China unveils driver-less, track-less trains

Commuters in China could soon be riding trains to work without a driver, or even train tracks.

The Autonomous Rail Transit (ART) system can carry up to 300 people at 70km/h, and travel 25 kilometres on a single 10-minute charge.

It's halfway between a bus and a train - running on wheels like the former, but consisting of carriages, like the latter.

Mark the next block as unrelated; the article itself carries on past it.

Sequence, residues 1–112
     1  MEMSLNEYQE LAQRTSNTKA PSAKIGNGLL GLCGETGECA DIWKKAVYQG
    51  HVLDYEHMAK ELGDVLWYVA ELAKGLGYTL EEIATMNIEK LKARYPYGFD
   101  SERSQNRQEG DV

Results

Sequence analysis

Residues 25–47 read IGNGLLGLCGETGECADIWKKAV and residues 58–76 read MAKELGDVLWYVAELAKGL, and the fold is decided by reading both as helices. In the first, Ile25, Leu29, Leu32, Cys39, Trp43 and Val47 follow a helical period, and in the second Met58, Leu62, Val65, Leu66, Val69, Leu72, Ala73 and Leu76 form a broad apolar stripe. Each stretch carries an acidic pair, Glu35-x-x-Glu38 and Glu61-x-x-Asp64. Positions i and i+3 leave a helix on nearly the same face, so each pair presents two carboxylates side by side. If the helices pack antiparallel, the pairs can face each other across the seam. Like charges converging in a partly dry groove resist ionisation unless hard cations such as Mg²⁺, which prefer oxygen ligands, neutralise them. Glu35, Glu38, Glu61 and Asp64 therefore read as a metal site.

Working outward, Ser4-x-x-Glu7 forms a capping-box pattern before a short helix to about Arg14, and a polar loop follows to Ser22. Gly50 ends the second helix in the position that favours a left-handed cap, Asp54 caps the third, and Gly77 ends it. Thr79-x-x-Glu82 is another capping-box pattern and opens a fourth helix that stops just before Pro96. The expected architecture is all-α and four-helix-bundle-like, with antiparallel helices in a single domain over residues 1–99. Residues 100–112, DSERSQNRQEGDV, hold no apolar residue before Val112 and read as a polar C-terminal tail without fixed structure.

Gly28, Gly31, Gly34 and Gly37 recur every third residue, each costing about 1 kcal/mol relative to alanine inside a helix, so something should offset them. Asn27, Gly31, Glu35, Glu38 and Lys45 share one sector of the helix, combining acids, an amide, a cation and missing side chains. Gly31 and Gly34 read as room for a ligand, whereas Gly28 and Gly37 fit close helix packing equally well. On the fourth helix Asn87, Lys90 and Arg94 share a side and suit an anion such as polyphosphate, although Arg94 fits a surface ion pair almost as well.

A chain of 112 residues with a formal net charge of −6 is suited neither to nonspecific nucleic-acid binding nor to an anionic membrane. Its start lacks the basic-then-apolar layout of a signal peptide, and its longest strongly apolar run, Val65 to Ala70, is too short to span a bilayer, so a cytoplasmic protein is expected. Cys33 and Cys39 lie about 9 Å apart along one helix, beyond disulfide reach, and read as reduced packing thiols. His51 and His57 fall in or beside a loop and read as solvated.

"It is like having a virtual rail for the bus," said Feng Jianghua, chief engineer at CRRC Zhuzhou Locomotive, which designed the train.

Instead of tracks it follows dotted lines painted on the road, controlled by sensors. It eliminates the need for costly rail installation, which can cost tens of millions of dollars per kilometre.

Each 30m, five-carriage ART train will cost around NZ$3 million, Mr Feng said.

"There is huge demand for urban transit systems with China's urbanisation drive," Feng said.

The first ART system will run on a 6.5km line in downtown Zhuzhou in 2018, reports Xinhua.